The front of the CM500 is home to the status LED lights, responsible for Power (green means the modem is powered, red means the device is too hoot and can overheat), Downstream, Upstream, Internet and Ethernet (green means you got a 1000 Mbps connection, amber means a 10/100 Mbps connection and blinking red or amber means the port is processing the traffic).
The back of the router is the place where you’ll find the Power adapter input, a Gigabit Ethernet port (RJ-45), a recessed Reset button (use a paper clip to access it) and a Coaxial cable connector. Switch the modem upside down and you can find a label with the MAC address, the serial number, the default IP address and the default username and password (it’s usually admin and password).
In terms of hardware, the CM500 is well equipped and it doesn’t disappoint performance-wise. Inside the case, the modem features 128 MB of RAM, 8 MB NOR flash memory and the CPU was a bit of an odd ball, as I could not find anything about it on the Netgear website. So, after some research, it seems that the CM500 is equipped with a Broadcom BCM33843 16×4 SoC.
Netgear CM500 is a DOCSIS 3.0 modem (Data Over Cable Service Interface Specification), this being an international telecommunications standard which allows for high speed data transfer over a cable TV. Similarly to ARRIS SURFboard SB6183, the CM500 handles 4 upload channels and 16 download channels at the same time.
Compatibility and Performance
Netgear CM500 is compatible with all the main Internet Service Providers (of USA), like Comcast, RCN, Time Warner Cable, Cox and Cable One. Still, before going ahead and purchasing a new modem, make sure your ISP allows you to buy and use your own device and if it will be compatible with their service. This can be done by either checking the ISP’s web page and find the list of supported cable modems or by directly calling them (this is the better option).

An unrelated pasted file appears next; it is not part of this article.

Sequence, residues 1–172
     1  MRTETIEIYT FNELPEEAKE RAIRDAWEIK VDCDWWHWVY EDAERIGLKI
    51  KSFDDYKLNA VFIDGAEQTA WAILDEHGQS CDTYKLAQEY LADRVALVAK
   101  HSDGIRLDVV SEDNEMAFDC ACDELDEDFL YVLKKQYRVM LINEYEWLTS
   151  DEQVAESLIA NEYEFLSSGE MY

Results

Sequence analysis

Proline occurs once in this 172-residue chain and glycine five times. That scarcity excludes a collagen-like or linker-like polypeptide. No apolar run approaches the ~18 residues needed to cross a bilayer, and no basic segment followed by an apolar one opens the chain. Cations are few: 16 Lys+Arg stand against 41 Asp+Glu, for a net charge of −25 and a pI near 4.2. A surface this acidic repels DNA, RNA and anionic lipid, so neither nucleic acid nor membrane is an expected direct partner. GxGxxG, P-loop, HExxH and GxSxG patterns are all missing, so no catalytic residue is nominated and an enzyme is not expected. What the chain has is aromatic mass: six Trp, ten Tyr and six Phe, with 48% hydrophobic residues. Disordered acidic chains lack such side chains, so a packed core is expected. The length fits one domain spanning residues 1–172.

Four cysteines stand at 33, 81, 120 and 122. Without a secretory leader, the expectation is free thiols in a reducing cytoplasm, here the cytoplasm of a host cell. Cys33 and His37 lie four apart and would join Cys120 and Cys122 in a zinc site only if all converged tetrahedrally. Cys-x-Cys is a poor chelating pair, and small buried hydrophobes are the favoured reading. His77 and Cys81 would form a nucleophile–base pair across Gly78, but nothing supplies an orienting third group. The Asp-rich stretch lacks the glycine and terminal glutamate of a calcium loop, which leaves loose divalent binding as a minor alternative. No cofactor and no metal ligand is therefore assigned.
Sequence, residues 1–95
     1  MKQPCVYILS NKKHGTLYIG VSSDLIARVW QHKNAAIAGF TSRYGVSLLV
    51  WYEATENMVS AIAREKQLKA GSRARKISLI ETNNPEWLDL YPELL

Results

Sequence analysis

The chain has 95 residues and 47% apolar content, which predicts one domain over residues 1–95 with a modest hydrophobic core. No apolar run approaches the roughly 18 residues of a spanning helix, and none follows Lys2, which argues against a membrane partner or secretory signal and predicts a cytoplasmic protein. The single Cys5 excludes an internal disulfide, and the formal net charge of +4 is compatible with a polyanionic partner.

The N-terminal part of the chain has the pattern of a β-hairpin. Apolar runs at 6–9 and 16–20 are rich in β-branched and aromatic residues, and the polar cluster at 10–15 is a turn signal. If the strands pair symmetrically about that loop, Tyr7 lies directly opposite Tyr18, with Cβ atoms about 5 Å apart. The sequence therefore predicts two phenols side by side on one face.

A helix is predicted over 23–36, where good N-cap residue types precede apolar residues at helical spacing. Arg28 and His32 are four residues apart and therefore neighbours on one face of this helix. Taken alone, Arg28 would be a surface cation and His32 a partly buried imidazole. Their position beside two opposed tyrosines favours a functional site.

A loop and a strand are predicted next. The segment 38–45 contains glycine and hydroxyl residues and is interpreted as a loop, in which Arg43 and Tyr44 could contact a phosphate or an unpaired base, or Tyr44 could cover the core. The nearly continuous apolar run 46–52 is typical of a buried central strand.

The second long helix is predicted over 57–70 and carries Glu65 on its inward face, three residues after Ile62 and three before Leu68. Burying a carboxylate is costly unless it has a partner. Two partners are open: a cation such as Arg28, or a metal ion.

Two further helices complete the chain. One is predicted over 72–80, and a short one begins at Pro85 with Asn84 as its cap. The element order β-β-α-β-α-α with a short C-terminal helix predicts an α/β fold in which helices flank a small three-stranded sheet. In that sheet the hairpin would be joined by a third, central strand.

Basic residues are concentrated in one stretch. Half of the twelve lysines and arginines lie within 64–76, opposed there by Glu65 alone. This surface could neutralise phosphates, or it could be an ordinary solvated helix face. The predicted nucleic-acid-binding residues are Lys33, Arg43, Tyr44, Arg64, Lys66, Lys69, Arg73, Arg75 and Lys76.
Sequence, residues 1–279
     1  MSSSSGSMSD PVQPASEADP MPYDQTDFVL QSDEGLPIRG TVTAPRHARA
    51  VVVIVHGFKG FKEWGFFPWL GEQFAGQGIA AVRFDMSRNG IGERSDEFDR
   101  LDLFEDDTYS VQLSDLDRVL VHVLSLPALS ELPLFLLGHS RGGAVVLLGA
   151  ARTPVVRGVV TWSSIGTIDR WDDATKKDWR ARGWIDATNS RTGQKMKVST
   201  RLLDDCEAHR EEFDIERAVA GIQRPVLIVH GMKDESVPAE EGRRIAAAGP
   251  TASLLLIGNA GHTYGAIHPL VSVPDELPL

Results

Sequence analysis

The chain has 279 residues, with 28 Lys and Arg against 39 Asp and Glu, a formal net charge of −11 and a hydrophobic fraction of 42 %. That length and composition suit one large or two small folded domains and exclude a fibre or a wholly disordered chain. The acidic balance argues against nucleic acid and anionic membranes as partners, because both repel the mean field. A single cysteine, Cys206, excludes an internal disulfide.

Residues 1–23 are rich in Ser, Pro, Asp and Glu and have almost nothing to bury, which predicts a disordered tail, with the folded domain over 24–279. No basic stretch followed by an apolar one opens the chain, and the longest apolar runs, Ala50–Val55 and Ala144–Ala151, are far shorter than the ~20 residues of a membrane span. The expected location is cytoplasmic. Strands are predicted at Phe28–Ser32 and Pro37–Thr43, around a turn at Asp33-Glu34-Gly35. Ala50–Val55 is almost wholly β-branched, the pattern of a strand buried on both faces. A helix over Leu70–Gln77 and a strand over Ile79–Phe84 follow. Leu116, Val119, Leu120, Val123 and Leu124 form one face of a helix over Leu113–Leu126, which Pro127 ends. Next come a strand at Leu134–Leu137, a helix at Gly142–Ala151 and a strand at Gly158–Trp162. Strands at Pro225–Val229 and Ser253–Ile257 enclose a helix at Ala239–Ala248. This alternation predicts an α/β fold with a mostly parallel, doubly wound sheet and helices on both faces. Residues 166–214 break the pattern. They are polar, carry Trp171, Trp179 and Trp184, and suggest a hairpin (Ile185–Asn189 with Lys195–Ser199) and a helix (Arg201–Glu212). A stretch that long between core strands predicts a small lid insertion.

Furthermore, the CM500 is compatible with all the popular Operating Systems, like Microsoft Windows 2000, XP, Vista, 7, 8 and 10, Mac OS 10 or higher and any other OS that can run a TCP/IP network.
Now, in general, you will find that modems support a maximum of eight downstream channels. But, as said before, Netgear CM500 features 16 bonded downstream channels and 4 bonded upstream channels. This translates into a maximum theoretical downstream speed of 686 Mbps and a maximum theoretical upstream speed of 131 Mbps.
Sure, it is enjoyable to have a 16×4 modem in your home, but it is obviously important to have a data plan with a high enough speed to match that of your cable modem. I kept on saying that you don’t want your router or cable modem to be the bottleneck of your network, but, at the same time, you don’t really need powerful devices that you will never use at their full potential (although they usually are future-proof). Also, make sure that your ISP can actually make use of all the 16×4 bonding channels. So far Comcast and TWC can deliver this performance.